Year : 2022 | Volume
: 13 | Issue : 2 | Page : 99--100
World No Tobacco Day 2022; Tobacco: Threat to our environment – One more reason to quit
Girish Malleshappa Sogi
Principal, MM College of Dental Sciences and Research, Maharishi Markandeshwar (Deemed to be University), Mullana-Ambala, Ambala, Haryana, India
Dr. Girish Malleshappa Sogi
Principal, MM College of Dental Sciences and Research, Maharishi Markandeshwar (Deemed to be University), Mullana-Ambala, Ambala, Haryana
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Sogi GM. World No Tobacco Day 2022; Tobacco: Threat to our environment – One more reason to quit.Contemp Clin Dent 2022;13:99-100
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Sogi GM. World No Tobacco Day 2022; Tobacco: Threat to our environment – One more reason to quit. Contemp Clin Dent [serial online] 2022 [cited 2022 Jul 3 ];13:99-100
Available from: https://www.contempclindent.org/text.asp?2022/13/2/99/347892
“Every cigarette you smoke, you are literally burning resources where they are already scarce, burning resources where our very existence depends upon.”
Dr. Ruediger Krech, Director of Health Promotion, WHO.
The overall reduction in tobacco use as reported by Global Adult Tobacco Survey -2 India is a positive indicator for health and well-being of the population. It is a first milestone in long road ahead to a future where people are less likely to suffer from the consequences of a preventable cause of mortality and morbidity. Tobacco not only determinately affects the health of populations but also poses a considerable danger to our planet. Since the adoption of the World Health Organization (WHO) Framework Convention on Tobacco Control in 2003, parties to the treaty have focused on the negative impact of tobacco consumption on human health but recent reports on the environmental impacts of tobacco have opened a Pandora's Box containing strikingly long-term impacts of tobacco from an environmental perspective. From cultivation to manufacturing, distribution, product use, and postconsumer waste, tobacco-related activities are a threat to the environment. Each of these stages has negative implications, which include hazardous health effects on cultivators, the use of limited resources such as water and healthy soil, the creation of pollutants through manufacturing, and climate change. A tobacco farmer, who plants, cultivates, and harvests may suffer from green tobacco sickness and can absorb as much nicotine as is found in 50 cigarettes. Tobacco plants also require intensive use of fertilizers because they absorb more nitrogen, phosphorus, and potassium than other major food and cash crops, meaning tobacco depletes soil fertility more rapidly and makes it unsuitable for other crops. As described above, tobacco farming leads to soil degradation, which hinders the maintenance of biodiversity. In 2017, the WHO identified 13 countries across the globe where tobacco-driven habitat fragmentation and deforestation have led to significant loss of biodiversity. With the exception of the filter, the entire cigarette is fuel for the production of smoke. Approximately, 14 g of CO2 is emitted per cigarette over its whole life cycle, along with methane, nitrous oxide in addition to other air pollutants. Discarded cigarettes also remain an important cause of accidental fires, wildfires, and fire deaths. In 2010, one cigarette butt ignited a major fire in India, which led to the burning of 60 ha of forest.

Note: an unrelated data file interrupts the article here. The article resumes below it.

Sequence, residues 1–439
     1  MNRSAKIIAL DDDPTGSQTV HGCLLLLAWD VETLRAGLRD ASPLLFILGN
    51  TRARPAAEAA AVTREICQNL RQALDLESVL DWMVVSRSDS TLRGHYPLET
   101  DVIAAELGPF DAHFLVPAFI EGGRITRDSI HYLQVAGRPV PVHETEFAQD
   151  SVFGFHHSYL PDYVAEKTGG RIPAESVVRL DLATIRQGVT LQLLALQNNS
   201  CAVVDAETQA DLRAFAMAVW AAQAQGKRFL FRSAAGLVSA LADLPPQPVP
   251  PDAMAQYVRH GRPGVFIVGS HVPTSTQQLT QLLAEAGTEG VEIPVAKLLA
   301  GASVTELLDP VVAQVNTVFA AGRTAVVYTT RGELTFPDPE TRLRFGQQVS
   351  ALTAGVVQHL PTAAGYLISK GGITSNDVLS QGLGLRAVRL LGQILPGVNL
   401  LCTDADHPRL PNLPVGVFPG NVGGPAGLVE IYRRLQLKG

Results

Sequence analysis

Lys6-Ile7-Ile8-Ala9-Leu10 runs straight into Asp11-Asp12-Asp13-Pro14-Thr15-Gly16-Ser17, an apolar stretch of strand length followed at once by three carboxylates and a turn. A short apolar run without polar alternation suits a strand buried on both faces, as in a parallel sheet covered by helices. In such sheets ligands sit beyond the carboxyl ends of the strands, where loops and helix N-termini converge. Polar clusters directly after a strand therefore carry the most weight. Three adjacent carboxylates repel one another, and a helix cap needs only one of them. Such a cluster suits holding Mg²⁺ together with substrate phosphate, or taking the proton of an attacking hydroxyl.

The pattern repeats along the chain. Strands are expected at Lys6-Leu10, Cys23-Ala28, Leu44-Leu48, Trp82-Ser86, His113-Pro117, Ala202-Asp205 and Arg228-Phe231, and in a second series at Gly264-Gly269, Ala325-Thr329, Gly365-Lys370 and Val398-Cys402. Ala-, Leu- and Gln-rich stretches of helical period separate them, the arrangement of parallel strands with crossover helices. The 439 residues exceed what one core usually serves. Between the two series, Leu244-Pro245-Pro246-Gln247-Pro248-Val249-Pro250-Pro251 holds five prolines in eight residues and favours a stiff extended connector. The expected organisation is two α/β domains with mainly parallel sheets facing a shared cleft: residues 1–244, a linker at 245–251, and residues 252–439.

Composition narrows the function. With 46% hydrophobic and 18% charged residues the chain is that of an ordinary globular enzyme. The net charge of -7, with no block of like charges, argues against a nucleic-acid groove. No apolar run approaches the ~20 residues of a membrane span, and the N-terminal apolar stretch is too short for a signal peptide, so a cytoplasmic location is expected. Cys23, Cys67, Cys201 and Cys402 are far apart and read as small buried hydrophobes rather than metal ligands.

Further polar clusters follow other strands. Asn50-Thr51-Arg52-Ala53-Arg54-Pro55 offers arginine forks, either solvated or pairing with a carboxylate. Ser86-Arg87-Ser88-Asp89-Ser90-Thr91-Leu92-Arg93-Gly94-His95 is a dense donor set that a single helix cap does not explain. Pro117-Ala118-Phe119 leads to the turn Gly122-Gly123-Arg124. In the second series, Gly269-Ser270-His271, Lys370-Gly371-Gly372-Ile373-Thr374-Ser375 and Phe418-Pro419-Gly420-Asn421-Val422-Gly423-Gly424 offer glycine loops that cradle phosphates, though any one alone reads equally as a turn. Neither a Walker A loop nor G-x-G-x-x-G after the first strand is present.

In addition, transporting a finished pack of cigarettes to its point of sale often involves extensive transport costs, usually through diesel-driven trucks, and according to a recent study, the particulate matter in environmental outdoor air pollution leads to accelerated buildup of calcium in arteries, which can increase the rate of arteriosclerosis by 10%–20% and consequently the risk of heart attacks and strokes. The WHO lists air pollution from transport in trucks as one of the primary causes of disease-related air pollution. The worldwide manufacturing of cigarettes stands estimated at 6 trillion, marketed in about 300 billion packages composed of paper, ink, cellophane, foil, and glue, producing waste of at least 2 million tons in 2021. The management of waste generated from packaging produces solid waste and results in additional pressure on landfill, as well as toxic chemical leakage into the environment from landfill. The WHO estimates that the costs of total litter (all product waste) for India is about USD 8 billion and of this 9.57% is estimate of the proportion of all litter that is tobacco product waste, which stands at USD 766 million in 2021.
The categorical reference of a Tobacco Reduction Target (3A) in the United Nations Sustainable Development Goals (SDG) makes it obvious that it poses a consequential threat to sustainable global development. The SDGs show that health cannot be considered in isolation from a host of other factors, of which the environment is one. The environmental effects of tobacco turn tobacco from an issue of individual well-being to one of global well-being. It identifies tobacco as a serious problem for the entire planet and human development as a whole, not simply an individual health threat. Inconvenient but harsh reality is that we are focused on short-term goals at the expense of our planet, and it is humans who are going to suffer irrespective of nationality, race, culture, caste, creed, or gender. Creating awareness is perhaps the single most important action to undertake and ensure that development and growth are achieved without impoverishing the natural world because if nature is destroyed we too will be. Ultimately, every step made will move us closer to a world that recognizes tobacco as a serious problem for the entire planet. The human, financial, and environmental costs are simply too great for us to not act.
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